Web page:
Electricity is a necessity and a primary energy source for homeowners. However, electrical hazards, including fires, can be fatal, with home electrical fires accounting for about 51,000 fires yearly, over 1400 injuries, almost over 500 deaths, and 1.3 billion dollars in property damage. Proper electrical equipment use and other sound practices can help keep your property and loved ones safe. This article outlines a few electrical safety tips for your home.
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Electrical outlets are meant to carry a specific power load. The total load increases if multiple home appliances and devices draw power from one outlet. Electrical outlets overload when more than the power they can handle is drawn from them. An overload can also occur when multiple high-ampere devices are plugged into the same outlet. Faults in the circuit may also result in an outlet overload. Electrical circuit overloads cause the circuit breaker to trip, disrupting electric flow to the entire circuit.
The circuit's wiring overheats without a circuit breaker, leading to the wire insulation melting and increasing the fire risk. To prevent an electrical outlet overload, limit extension cord usage, don't plug many high-ampere devices or appliances in the same outlet, know the exact amperage of the circuit breakers and fuses in your house, and upgrade your electrical system to add other outlets.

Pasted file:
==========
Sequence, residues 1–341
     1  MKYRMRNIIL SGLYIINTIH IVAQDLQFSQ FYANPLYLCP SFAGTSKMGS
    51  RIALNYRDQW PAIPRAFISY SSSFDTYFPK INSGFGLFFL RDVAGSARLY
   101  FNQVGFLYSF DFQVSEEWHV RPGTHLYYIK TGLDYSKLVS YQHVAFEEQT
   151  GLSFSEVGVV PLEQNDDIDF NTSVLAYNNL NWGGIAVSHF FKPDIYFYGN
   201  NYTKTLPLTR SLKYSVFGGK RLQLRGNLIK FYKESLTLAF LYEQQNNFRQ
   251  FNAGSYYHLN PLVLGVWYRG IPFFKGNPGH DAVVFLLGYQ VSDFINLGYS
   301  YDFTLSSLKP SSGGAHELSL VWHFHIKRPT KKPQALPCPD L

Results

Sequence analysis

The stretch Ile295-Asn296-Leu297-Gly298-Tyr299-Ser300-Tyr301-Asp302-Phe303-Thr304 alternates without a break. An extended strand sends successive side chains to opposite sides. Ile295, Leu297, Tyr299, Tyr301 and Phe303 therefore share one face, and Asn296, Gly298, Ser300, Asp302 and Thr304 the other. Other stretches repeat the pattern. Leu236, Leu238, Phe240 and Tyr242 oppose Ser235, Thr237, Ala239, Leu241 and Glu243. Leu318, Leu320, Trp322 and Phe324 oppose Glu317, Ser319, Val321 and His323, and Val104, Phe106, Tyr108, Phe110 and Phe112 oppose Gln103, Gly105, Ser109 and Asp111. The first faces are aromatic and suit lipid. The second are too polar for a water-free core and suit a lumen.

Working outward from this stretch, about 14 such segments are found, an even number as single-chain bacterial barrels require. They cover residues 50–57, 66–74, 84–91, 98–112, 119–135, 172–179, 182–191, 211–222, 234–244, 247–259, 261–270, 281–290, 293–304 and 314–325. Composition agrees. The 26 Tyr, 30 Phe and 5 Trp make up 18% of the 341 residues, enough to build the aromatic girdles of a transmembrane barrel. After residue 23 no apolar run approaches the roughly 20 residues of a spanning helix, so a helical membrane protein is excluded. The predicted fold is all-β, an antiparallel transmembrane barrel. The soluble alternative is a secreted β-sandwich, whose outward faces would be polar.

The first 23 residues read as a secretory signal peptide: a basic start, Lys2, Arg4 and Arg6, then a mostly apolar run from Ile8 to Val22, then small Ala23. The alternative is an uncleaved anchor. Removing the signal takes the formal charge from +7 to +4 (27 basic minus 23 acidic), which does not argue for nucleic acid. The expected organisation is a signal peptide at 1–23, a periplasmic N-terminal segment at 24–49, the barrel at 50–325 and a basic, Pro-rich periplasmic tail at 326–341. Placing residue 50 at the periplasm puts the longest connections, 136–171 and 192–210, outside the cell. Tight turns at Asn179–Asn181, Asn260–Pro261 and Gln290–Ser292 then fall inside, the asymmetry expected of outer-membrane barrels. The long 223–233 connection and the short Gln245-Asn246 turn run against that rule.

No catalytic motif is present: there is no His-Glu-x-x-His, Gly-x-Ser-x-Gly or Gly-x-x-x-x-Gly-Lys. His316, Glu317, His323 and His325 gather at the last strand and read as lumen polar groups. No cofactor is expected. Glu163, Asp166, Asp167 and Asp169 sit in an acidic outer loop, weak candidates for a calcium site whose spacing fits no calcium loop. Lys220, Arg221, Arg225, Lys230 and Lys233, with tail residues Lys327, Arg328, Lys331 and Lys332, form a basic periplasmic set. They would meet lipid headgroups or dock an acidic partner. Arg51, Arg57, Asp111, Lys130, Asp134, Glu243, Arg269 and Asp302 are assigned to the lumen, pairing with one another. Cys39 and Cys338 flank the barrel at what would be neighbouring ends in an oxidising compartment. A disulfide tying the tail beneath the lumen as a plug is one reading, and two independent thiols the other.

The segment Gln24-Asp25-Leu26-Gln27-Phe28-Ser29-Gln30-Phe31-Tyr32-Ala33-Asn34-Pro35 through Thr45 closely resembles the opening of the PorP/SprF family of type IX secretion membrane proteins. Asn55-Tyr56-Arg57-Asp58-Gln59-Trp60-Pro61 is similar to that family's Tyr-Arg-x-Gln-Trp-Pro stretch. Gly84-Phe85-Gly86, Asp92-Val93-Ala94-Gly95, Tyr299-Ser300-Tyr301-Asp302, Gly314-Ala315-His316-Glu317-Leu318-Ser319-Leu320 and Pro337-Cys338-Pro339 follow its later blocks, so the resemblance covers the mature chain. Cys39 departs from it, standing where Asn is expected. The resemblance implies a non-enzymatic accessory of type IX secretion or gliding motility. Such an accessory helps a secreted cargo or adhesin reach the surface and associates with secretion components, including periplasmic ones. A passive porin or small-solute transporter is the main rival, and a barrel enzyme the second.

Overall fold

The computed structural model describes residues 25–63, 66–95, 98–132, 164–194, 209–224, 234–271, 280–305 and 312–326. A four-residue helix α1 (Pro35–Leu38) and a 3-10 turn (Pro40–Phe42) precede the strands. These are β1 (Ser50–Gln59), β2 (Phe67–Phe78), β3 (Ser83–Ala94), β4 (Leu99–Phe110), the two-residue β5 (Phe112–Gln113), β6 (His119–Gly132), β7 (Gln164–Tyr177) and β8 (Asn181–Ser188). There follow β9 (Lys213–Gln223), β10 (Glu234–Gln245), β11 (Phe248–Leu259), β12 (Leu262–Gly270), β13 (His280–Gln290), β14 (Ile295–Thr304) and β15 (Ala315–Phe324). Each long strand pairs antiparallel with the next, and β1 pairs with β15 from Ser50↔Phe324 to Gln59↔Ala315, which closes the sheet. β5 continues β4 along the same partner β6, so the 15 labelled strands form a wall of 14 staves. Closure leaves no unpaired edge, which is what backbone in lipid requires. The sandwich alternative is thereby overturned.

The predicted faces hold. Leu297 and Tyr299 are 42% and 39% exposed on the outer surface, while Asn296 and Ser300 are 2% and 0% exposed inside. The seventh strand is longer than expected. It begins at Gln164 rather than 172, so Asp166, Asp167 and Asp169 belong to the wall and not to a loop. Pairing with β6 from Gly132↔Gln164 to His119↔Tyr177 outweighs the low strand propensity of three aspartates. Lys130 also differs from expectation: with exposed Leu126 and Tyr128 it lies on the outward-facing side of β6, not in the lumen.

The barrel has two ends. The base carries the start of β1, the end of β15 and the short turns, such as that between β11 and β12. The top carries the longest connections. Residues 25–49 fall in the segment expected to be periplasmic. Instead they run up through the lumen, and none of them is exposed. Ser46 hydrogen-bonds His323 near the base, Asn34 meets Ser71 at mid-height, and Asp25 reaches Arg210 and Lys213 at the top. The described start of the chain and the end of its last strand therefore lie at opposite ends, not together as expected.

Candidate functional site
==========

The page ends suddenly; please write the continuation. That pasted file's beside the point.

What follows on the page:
Electrical inspections are comprehensive checkups of your property's electrical components. They help ascertain whether your home's electrical system is running correctly. A certified electrician also inspects DIY electrical components to ensure no costly errors are made. An electrical inspection for your home ensures that your property isn't violating federal and local electrical codes. It's an excellent way to maintain electrical safety by reducing the risk of hazards like electrical fires.
Ungrounded or damaged power cords pose a significant threat to electrical appliance users, including fire risk and electric shock. These cords can get damaged or frayed from age, excess current flow via the wiring, or heavy use. Cord damage may occur when the cable is pinched, punctured, or caught between heavy objects. This may result in a short circuit that may cause a fire. When an electrical cord is damaged, the affected appliance should be taken off service immediately and the cable repaired or replaced to lower the risk of electrocution, fire, or shock.
A combination of water and electricity can be deadly. Keep electrical equipment and appliances from water and dry to safeguard against electrocution, injuries, and appliance damage. All electrical outlets in wet or damp home areas, including kitchens, bathtubs, basements, and laundry rooms, should have Ground Fault Circuit Interpreters (GFCIs). Avoid using electrical appliances close to a swimming pool, sink, or bathtub. Consider using battery-operated devices near sinks and bathtubs instead of electric ones.
Besides saving energy, unplugging appliances when not in use is a safe way to protect against power surges. If you don't have a surge protection system for your home, unplugging your appliances safeguards them from surge damage and eliminates the risk of an electric fire.
Electricity can be hazardous when poorly handled. However, implementing these electrical safety tips can help protect your property and loved ones.